John de Mowbray, 2nd Baron Mowbray

John (I) de Mowbray, 2nd Baron Mowbray (4 September 1286 – 23 March 1322) was the son of Roger de Mowbray, 1st Baron Mowbray. Lord of the manors of Tanfield and Well, Yorkshire.

Arms of Mowbray: Gules, a lion rampant argent

De Mowbray served in the Scottish wars of Edward I. The baron held such offices as sheriff of Yorkshire, governor of the city of York, a warden of the Scottish marches, governor of Malton and Scarborough Castles.

He took part in the rebellion of Thomas, Earl of Lancaster. He was captured at the battle of Boroughbridge and subsequently hanged at York.

John de Mowbray married Aline de Braose, (b. 1291 d. ca 1331), daughter of William de Braose, 2nd Baron Braose and Lord of Gower.[1] They had at least two sons:

John de Mowbray was buried at Fountains Abbey.


  1. ^ Davies, John; Jenkins, Nigel; Baines, Menna; Lynch, Peredur, eds. (2008). The Welsh Academy Encyclopaedia of Wales. Cardiff: University of Wales Press. p. 577. ISBN 978-0-7083-1953-6.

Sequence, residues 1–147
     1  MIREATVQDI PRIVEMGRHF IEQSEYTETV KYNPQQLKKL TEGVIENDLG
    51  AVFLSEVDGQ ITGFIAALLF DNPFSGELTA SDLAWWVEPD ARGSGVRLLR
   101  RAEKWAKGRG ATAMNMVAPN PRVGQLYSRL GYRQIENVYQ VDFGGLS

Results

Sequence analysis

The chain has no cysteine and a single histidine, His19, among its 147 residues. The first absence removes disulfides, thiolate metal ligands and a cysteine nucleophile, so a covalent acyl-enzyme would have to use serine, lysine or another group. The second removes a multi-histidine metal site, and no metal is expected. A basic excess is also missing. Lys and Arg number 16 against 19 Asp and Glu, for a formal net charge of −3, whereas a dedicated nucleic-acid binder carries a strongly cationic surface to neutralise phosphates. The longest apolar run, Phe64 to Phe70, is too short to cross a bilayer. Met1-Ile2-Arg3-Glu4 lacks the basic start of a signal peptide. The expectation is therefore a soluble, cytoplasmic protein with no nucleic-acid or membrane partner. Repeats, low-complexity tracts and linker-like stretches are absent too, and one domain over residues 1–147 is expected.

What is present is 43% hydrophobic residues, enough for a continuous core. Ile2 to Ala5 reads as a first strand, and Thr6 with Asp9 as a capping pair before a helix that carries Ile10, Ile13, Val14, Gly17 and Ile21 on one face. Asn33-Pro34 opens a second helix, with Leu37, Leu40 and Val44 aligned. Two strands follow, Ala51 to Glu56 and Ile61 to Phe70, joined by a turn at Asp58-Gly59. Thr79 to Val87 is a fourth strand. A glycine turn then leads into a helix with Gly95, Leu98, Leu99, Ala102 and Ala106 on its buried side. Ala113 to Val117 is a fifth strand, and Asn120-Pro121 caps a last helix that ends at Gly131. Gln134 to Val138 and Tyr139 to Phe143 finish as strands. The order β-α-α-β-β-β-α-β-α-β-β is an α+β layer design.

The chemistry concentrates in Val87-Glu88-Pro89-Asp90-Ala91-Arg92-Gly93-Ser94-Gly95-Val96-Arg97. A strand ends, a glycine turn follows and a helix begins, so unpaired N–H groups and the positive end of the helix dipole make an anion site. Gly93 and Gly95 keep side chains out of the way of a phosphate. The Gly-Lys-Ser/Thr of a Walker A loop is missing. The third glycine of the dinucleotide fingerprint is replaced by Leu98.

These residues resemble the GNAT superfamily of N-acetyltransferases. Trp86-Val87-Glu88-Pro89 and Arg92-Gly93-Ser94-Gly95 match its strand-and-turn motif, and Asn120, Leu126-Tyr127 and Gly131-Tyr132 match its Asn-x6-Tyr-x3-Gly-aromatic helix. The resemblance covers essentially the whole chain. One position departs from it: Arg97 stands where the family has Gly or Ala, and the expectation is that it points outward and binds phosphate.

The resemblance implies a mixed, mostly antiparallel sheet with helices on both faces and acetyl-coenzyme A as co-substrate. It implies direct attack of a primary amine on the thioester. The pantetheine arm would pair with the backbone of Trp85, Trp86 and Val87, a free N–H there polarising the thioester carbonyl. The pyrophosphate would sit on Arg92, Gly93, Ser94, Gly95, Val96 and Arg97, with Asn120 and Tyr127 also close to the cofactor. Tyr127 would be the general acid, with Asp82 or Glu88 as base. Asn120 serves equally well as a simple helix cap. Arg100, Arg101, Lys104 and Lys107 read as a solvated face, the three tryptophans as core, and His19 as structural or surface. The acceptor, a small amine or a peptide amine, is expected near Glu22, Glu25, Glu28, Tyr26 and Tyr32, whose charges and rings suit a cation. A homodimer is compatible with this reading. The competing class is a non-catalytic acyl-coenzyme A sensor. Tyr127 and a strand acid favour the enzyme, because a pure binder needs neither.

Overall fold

• Burke, Sir Bernard. "Mowbray-Earls of Nottingham, Dukes of Norfolk, Earls-Marshal, Earls of Warren and Surrey." A Genealogical History of the Dormant, Abeyant, Forfeited, and Extinct Peerages, of the British Empire. London: Wm Clowes and Sons, Ltd, 1962. p. 387.
  • Cokayne, G.E., ed. (1936). The Complete Peerage. Vol. 9. Revised and enlarged by H.A. Doubleday and Lord Howard de Walden (2nd ed.). London: St. Catherine Press.
Peerage of England
Preceded by Baron Mowbray
Succeeded by